This integral, using symmetry and a lot more, is discussed in

Finding a Definite Integral with Natural Log and Sine

Michael replied:

Thank you so much! The solution is so very easy, but I would never have thought of that in a million years. This is one of those times when you realize how beautiful math really is. Thank you so much, the answer makes perfect sense to me now!

Once you see the trick, it’s easy!

## Redoing our problem

This version of the trick can also be applied to our problem, solving it more quickly. Rather than shifting the function left by 5 units, we can reflect it over the line $$x=5$$ by letting $$u=10-x$$. (That’s a lot like what Swamy did, but without the square root.) Then we get $$\int_2^8\frac{5^{\sqrt{10-x}}}{5^{\sqrt{x}}+5^{\sqrt{10-x}}}dx=\int_8^2\frac{5^{\sqrt{u}}}{5^{\sqrt{10-u}}+5^{\sqrt{u}}}(-du)=\int_2^8\frac{5^{\sqrt{u}}}{5^{\sqrt{10-u}}+5^{\sqrt{u}}}du$$ But this gives two equal representations of the same integral: $$I=\int_2^8\frac{5^{\sqrt{10-x}}}{5^{\sqrt{x}}+5^{\sqrt{10-x}}}dx\\I=\int_2^8\frac{5^{\sqrt{x}}}{5^{\sqrt{10-x}}+5^{\sqrt{x}}}dx$$ Adding these together, we get $$2I=\int_2^8\frac{5^{\sqrt{10-x}}}{5^{\sqrt{x}}+5^{\sqrt{10-x}}}dx+\int_2^8\frac{5^{\sqrt{x}}}{5^{\sqrt{10-x}}+5^{\sqrt{x}}}dx\\=\int_2^8\frac{5^{\sqrt{10-x}}+5^{\sqrt{x}}}{5^{\sqrt{x}}+5^{\sqrt{10-x}}}=\int_2^8dx=6$$ so $$I=3$$. Easy!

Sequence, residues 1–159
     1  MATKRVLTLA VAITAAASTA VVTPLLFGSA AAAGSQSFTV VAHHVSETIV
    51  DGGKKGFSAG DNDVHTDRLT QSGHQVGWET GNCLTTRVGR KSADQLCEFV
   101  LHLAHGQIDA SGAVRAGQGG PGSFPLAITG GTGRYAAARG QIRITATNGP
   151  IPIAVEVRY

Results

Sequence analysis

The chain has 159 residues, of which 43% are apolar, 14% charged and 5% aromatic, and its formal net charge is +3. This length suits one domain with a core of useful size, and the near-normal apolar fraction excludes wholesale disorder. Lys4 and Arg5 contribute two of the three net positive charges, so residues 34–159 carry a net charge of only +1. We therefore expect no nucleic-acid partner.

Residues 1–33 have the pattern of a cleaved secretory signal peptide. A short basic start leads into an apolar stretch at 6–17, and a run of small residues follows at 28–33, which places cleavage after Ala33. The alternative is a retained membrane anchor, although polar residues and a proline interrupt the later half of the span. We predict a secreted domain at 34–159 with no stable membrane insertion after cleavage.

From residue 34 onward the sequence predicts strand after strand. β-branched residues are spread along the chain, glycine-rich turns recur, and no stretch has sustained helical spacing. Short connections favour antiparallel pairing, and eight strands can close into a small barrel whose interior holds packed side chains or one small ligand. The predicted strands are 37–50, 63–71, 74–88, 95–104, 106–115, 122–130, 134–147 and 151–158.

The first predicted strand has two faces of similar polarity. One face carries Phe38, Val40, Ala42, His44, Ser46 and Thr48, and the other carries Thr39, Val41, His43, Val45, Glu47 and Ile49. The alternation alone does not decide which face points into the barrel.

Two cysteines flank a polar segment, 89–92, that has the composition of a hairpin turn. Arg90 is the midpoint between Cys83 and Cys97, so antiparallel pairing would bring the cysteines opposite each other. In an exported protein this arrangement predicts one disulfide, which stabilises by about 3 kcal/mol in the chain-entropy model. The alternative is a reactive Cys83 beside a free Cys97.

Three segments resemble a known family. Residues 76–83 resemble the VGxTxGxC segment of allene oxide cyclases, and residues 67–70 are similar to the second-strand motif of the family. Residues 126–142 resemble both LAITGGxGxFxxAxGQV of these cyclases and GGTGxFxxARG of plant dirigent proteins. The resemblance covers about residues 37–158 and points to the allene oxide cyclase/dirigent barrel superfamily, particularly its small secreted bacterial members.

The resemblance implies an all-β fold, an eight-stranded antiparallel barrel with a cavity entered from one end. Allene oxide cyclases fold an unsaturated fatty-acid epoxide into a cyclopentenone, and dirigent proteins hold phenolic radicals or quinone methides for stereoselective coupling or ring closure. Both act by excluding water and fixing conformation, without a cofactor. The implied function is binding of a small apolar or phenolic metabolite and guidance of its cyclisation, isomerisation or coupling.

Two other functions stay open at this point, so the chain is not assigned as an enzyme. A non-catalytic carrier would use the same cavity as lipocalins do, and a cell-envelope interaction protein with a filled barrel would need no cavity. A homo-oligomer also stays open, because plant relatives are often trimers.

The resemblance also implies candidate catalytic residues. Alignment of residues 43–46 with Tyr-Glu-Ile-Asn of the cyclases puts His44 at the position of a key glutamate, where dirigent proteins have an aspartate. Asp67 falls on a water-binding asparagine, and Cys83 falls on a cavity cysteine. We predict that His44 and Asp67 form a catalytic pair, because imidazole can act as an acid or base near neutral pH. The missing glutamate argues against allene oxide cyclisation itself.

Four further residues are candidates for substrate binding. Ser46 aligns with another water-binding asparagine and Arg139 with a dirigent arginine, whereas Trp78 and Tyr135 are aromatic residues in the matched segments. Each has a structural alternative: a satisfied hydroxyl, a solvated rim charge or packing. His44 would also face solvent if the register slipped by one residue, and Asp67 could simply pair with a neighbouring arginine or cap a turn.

Before, we were exploring, trying to transform our integral into one whose symmetry was obvious; here we have seen that the original function is itself symmetric about the point $$(5, \frac{1}{2})$$ and used that directly.

This is how many classic solutions work: They start with exploration and somewhat ugly work, but eventually become elegant methods. My hope is that you’ve come to see this trick, not as magic you’d never guess, but as something you could have discovered with the right insights.